However, in the event the same lawyers, lenders, or assignees, appear before the judge, the judge should disclose the nature of the judge’s prior dealings with the lawyers, lenders, or assignees. In Florida Judicial Ethics Advisory Committee Opinion 12-08, the Committee addressed a situation where the judge, as a lawyer, had represented a client in a divorce proceeding seven years earlier. The opposing party/spouse is a lawyer who now practices before the judge. The Committee advised the judge to disclose the prior representation when this lawyer appeared before the judge.
The Committee believes the Inquiring Judge should disclose to the parties and lawyers the past representation on the contested dissolution of marriage, and that the attorney was the adverse litigant many years earlier. The Commentary to Canon 3E of the Code of Judicial Conduct discusses the circumstances under which disclosure is appropriate: “a judge should disclose on the record information that the judge believes the parties or their lawyers might consider relevant to the question of disqualification, even if the judge believes there is no real basis for disqualification. The fact that the judge conveys the information does not automatically require the judge to be disqualified upon a request by either party, but the issue should be resolved on a case-by-case basis.”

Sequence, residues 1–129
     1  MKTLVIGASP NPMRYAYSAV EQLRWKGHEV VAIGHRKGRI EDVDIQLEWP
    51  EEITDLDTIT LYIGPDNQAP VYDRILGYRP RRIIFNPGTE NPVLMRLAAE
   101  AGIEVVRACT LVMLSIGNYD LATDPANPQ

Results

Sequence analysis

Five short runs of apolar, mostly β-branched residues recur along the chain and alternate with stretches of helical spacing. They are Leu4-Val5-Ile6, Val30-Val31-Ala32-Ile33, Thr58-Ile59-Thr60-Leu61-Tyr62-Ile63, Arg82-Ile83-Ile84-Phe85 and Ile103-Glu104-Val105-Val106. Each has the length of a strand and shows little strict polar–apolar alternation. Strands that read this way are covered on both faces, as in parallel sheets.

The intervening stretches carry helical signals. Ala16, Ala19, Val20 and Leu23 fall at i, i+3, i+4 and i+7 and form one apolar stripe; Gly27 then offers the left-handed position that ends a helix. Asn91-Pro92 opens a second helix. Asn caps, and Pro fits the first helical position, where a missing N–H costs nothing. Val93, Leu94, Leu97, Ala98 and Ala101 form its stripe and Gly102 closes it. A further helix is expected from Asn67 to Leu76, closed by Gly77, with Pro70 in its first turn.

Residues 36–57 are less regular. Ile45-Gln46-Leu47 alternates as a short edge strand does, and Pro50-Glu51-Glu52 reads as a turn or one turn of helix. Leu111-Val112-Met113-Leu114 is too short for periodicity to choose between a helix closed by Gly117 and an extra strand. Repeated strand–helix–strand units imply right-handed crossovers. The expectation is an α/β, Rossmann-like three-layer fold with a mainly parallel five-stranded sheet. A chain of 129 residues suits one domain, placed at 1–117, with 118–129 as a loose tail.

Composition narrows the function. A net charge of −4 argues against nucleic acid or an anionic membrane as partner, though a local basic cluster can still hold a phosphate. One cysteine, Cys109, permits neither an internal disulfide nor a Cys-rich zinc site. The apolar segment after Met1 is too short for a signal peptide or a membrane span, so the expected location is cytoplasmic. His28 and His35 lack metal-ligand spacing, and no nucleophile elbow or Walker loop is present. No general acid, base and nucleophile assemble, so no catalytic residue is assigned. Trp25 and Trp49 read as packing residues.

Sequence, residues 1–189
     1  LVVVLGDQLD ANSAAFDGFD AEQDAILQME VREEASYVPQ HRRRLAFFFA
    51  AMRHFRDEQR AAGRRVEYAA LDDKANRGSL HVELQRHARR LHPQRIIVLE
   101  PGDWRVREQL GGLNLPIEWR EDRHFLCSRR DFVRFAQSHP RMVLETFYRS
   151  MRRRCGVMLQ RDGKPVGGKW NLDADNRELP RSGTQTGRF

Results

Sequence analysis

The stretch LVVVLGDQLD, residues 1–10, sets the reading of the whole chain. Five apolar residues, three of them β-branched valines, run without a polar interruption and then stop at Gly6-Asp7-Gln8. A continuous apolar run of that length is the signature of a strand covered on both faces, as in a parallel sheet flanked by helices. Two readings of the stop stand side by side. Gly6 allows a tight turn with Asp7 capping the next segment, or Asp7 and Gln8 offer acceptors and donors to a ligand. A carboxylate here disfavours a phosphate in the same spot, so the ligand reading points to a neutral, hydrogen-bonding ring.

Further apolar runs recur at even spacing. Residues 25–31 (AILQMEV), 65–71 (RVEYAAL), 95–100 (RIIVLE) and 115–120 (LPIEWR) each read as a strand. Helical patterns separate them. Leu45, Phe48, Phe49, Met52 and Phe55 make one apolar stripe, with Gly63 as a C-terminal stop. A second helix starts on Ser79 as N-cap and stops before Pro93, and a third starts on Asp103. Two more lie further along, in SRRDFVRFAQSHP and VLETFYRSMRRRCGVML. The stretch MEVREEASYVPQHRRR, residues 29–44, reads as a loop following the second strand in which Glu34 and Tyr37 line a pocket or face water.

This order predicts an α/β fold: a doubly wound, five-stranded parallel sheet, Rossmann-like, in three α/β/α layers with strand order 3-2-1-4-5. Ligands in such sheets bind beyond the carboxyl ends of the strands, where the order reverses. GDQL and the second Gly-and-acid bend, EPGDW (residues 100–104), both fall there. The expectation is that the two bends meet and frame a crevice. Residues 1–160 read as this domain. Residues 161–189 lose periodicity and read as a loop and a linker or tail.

On several occasions the Committee has opined that even when recusal would not be required by the Code, disclosure would be an appropriate and prudent course of action. As stated in the Commentary, each situation must be evaluated on a case-by-case basis.
Fla. JEAC Op. 12-08 (citations omitted).
The question of how long must the inquiring judge disclose the prior litigation if the same lawyers, lenders, or assignees, appear before the judge is difficult to answer with precision. In Florida Judicial Ethics Advisory Committee Opinion 1208, the Committee advised the judge to disclose dealings with a particular lawyer even seven years after the fact. However, in Florida Judicial Ethics Advisory Committee Opinion 95-15, disclosure was not required eight years after the lawyer’s representation of the judge terminated because there was no indication that the representation concerned a matter that was highly contested. Therefore, the inquiring judge must determine how much time must elapse before no reasonable person would find the prior mortgage foreclosure litigation to be relevant to a determination of whether the judge’s impartiality might reasonably be questioned in a pending matter involving the same lawyers, lenders, or assignees.